Lamentation of Hugh Reynolds


My name it is Hugh Reynolds, I come from honest parents
Near Cavan I was born, as plainly you may see
By loving of a maid, one Catherine MacCabe
My life has been betrayed; she’s a dear maid to me

The country were bewailing my doleful situation
But still I’d expectation this maid would set me free
But oh, she was ungrateful, her parents proved deceitful
And though I loved her faithful, she’s a dear maid to me

Young men and tender maidens, throughout this Irish nation
Who hear my lamentation, I hope you’ll pray for me
The truth I will unfold, that my precious blood she sold
In the grave I must lie cold; she’s a dear maid to me

For now my glass it is run and the hour it is come
And I must die for love and the height of loyalty
I thought it was no harm to embrace her in my arms
Or take her from her parents; but she’s a dear maid to me

Adieu my loving father, and you, my tender mother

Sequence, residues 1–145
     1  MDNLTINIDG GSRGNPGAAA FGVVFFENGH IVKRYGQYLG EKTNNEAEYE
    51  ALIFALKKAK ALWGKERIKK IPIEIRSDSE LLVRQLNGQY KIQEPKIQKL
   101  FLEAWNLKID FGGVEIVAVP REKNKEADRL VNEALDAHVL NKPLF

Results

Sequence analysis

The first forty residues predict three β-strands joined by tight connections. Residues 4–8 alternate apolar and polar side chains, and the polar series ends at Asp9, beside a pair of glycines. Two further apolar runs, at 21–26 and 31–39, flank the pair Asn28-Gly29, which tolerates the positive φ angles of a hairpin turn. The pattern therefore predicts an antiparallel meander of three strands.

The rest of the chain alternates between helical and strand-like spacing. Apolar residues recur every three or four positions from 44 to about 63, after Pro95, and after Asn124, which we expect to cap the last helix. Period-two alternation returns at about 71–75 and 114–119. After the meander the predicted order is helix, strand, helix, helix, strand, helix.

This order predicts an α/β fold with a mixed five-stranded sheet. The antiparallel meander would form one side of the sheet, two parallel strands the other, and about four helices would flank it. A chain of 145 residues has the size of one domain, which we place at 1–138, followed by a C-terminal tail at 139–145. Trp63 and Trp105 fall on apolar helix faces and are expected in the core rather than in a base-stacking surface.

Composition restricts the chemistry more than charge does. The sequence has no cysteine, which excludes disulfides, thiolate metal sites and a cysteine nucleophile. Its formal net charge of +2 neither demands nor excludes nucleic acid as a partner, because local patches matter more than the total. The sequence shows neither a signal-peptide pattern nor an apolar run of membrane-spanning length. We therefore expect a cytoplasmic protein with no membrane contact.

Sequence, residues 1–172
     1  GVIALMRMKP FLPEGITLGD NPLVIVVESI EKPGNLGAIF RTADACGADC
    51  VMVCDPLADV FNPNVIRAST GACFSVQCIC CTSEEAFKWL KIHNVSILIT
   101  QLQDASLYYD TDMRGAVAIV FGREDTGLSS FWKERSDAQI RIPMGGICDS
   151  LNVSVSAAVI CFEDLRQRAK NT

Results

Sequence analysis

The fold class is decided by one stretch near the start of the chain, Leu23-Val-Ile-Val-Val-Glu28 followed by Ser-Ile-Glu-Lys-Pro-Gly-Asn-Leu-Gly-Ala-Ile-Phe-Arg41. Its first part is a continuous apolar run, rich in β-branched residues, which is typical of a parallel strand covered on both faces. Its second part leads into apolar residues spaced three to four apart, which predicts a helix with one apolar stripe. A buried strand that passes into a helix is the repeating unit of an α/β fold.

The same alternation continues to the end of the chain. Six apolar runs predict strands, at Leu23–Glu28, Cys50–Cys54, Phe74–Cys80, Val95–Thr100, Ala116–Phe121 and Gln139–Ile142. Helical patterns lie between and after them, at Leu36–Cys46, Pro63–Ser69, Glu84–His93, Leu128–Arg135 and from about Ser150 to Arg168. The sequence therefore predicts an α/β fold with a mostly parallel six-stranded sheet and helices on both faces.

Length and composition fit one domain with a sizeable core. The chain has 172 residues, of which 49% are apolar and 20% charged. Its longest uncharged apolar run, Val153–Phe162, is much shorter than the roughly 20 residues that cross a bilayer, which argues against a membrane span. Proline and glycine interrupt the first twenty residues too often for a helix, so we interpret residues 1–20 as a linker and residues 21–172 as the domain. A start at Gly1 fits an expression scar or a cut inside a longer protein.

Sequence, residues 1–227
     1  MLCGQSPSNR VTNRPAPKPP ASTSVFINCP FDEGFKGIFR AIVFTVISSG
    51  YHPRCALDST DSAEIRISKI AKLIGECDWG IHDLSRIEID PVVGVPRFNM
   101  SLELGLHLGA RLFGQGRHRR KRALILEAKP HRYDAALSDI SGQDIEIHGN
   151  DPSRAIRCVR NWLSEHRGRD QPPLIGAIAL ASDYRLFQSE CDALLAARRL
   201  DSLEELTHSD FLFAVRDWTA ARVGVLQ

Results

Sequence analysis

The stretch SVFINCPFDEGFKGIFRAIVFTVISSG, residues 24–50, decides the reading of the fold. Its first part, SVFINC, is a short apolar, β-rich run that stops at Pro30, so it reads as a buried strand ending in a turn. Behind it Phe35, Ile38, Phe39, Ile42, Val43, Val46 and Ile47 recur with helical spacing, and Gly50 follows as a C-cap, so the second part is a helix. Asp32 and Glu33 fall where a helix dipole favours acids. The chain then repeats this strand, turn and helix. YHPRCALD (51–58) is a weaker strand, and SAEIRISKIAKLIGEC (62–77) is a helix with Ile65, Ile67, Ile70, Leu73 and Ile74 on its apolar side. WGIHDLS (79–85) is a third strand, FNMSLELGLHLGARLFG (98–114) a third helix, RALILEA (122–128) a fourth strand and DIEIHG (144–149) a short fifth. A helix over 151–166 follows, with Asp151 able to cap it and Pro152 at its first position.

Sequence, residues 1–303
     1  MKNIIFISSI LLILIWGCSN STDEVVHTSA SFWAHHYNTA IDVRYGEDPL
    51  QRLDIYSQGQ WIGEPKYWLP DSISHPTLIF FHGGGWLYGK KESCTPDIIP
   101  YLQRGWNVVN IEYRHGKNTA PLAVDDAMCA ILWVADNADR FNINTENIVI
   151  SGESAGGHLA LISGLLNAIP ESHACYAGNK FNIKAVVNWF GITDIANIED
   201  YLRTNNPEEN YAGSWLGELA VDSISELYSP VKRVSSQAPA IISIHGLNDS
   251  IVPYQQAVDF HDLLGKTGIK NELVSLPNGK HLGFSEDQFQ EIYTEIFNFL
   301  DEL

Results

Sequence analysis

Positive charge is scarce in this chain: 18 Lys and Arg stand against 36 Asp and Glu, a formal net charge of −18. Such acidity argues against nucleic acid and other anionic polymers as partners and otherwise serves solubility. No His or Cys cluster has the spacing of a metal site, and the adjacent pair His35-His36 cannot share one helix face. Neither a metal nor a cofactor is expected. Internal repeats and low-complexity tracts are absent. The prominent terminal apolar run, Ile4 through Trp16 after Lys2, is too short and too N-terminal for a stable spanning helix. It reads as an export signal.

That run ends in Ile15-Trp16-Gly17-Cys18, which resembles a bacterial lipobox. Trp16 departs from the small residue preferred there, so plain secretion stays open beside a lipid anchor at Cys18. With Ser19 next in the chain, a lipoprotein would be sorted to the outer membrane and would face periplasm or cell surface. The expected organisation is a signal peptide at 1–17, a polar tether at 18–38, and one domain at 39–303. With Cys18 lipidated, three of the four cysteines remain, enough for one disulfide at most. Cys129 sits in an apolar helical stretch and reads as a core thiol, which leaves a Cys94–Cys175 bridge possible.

Farewell my dearest brother, who has suffered sore for me
With irons I’m surrounded, in grief I lie confounded
By perjury unbounded; she’s a dear maid to me

Now I can say no more, to the gallows I must go
There to take the last farewell of my friends and country
May the angels shining bright, receive my soul this night
And convey me into heaven to the blessed Trinity


The Reynolds and McCabes were Catholic families from County Cavan who were engaged in a feud over ‘a bit of land.’ Complications set in when Hugh Reynolds and Catherine McCabe became lovers. Catherine’s uncle had Reynolds charged with abduction, a capital offence at that time. He pressurized Catherine into perjury, and Reynolds was convicted. He was hanged in 1826. Catherine died soon afterwards of a broken heart, and the McCabes are said to have been beset by ‘Divine vengeance’.



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